Children who lack elasticity of DNA chromosome tend to show worsening social and motor skills beginning at the age of eight, as per a recent study. However, those with 16p11.2 do not showcase this decline.
The duplication and deletion of 16p11.2 often leads to a distinct developmental curve. One percent of autistic individuals are diagnosed with these rare mutations.
The results have been gradually obtained by following 56 youngsters with mutations over a period of several years.
“This helps us understand what these kids look like over time,” says lead investigator Raphael Bernier, associate professor of psychiatry and behavioral sciences at the University of Washington in Seattle. “So many of our studies about the genetics of autism are looking at a single time point; if we don’t consider the developmental change in behaviors, then it can be a little confusing.”
Duplications or deletions in 16p11.2 are not so common; it is seen in an average of 3 out of every 10,000 people. It should be noted that deletions cause individuals to form an enlarged head and make them prone to obesity. These mutations also have an association with intellectual disability, autism, and language problems.
Alternatively, the findings also highlight features that clinicians must observe in order to detect early signs in the life of an individual. Treatments are more effective when the individual is diagnosed at an early stage.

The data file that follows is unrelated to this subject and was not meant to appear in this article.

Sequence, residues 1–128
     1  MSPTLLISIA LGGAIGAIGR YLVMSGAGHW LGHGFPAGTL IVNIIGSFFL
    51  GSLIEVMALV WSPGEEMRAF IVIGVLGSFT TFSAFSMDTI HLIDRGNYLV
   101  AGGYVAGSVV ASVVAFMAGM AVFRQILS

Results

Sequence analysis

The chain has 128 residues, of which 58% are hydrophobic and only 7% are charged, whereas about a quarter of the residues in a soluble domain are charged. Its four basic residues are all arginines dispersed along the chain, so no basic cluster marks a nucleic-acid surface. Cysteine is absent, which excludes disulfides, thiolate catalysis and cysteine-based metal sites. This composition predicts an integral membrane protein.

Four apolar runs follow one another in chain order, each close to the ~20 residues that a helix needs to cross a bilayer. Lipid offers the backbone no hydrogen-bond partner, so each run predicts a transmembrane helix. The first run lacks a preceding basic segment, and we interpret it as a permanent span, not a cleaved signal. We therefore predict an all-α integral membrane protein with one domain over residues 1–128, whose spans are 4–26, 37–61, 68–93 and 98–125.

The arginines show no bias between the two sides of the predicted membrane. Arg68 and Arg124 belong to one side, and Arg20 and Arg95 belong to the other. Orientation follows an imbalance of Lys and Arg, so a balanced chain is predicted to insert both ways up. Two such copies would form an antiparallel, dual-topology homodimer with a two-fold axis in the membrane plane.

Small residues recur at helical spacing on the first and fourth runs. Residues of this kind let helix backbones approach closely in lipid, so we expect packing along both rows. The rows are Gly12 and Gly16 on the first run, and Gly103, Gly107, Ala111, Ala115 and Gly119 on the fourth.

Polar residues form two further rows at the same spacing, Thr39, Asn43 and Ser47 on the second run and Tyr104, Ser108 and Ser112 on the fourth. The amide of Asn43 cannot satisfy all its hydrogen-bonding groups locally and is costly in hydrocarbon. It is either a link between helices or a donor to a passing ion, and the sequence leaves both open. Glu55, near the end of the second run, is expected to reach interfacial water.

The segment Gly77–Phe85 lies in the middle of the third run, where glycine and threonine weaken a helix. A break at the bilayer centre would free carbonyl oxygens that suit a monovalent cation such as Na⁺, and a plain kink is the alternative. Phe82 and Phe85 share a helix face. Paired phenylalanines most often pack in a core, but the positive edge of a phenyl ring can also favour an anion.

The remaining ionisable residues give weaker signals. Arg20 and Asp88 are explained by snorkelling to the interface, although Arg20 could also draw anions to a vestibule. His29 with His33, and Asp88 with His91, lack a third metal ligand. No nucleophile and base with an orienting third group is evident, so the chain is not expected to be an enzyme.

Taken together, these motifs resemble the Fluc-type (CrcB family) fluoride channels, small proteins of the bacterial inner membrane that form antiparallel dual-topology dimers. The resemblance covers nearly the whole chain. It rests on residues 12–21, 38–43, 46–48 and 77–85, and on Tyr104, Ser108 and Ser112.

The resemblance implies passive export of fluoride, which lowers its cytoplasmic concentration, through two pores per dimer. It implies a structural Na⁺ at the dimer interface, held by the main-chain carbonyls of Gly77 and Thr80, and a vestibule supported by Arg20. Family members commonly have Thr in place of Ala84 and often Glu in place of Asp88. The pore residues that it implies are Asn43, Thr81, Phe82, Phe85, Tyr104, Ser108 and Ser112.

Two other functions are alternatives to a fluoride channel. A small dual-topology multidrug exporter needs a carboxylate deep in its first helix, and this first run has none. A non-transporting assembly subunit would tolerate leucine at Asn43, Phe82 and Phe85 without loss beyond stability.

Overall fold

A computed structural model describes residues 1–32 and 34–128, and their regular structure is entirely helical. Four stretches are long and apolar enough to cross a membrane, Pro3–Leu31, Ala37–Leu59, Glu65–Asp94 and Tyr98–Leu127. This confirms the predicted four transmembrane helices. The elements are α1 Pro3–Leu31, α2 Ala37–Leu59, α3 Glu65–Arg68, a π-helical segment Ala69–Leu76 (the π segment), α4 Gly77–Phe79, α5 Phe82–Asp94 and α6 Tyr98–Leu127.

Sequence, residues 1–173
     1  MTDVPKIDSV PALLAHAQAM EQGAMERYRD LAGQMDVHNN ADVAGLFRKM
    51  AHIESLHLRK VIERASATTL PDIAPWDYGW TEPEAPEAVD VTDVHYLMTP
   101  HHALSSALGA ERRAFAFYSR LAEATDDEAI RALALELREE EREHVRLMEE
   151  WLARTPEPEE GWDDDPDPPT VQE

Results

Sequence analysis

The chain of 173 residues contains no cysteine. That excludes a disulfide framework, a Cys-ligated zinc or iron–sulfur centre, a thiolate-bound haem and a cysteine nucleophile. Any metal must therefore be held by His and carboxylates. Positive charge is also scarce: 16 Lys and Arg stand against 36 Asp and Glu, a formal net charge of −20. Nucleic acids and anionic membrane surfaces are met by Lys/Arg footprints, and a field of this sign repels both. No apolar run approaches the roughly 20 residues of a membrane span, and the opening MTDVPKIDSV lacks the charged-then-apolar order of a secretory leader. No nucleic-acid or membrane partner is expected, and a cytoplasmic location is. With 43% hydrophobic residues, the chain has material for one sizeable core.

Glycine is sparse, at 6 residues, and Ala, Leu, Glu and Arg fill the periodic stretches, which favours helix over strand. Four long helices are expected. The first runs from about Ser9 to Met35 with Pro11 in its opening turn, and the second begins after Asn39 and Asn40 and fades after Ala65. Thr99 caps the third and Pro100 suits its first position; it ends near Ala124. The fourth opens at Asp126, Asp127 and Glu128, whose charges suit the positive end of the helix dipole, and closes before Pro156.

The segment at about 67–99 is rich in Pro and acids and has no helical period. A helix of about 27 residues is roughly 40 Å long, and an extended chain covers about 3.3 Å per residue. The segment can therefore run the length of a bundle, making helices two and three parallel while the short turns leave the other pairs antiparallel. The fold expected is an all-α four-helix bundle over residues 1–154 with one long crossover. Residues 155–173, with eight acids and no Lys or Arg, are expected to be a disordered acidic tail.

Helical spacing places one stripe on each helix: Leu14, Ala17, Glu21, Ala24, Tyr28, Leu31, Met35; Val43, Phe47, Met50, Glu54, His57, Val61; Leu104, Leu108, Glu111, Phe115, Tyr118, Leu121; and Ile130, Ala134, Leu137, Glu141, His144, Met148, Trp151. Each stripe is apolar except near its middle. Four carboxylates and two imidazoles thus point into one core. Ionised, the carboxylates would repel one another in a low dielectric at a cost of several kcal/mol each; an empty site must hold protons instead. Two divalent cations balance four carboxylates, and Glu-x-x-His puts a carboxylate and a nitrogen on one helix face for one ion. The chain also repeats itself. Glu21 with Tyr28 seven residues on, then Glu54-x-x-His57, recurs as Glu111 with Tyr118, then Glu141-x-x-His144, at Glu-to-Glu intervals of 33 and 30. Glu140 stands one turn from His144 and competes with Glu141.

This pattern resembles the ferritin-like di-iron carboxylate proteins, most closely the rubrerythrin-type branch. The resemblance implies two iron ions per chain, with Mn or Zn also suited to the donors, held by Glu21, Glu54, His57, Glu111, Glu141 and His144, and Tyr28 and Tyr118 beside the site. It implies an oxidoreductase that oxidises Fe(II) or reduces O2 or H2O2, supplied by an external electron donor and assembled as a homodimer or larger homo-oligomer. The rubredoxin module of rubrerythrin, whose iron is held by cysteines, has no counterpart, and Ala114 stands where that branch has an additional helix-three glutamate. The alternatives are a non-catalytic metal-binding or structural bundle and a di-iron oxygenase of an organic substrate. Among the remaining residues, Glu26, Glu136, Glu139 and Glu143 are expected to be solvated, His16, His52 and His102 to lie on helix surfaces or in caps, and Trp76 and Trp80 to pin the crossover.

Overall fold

“If we know what’s likely to happen, we can be monitoring those things closely,” says Cheryl Klaiman, assistant professor of pediatrics at Emory University in Atlanta, Georgia, who was not involved in the study.
The team led by Bernier followed 23 youngsters with a history of 16p11.2 chromosome duplication and 33 youngsters with a history of duplication. The team conducted an intensive tracking of the children from the age of 6 months and continued observation until they turned 8 years old. Five children with duplication and eight children with deletion were observed to be diagnosed with autism.
Additionally, the researchers did a thorough assessment of each child at least 3 times over the course of the study. The team conducted standardized tests that were aimed to measure the nonverbal and verbal IQs of the children. They also interviewed parents to assess the child’s behavior in connection with anxiety and other noticeable behaviors like hyperactivity. Motor abilities and social skills such as communication and other day-to-day activities were also measured using adaptive functioning techniques.
The group was comprised of children in the age bracket of 2 to 7 years of age. No noticeable differences were seen at any age in IQ scores, although it was noticed that the group’s profile changed over a period of time. The group with chromosome deletion history showed a decline in social and motor skills, while on the other hand, children with duplication history remained relatively stable.
Both the groups showed an increase in verbal IQ quotient, as is expected with age. However, their nonverbal and behavioral IQs tend to remain relatively stable.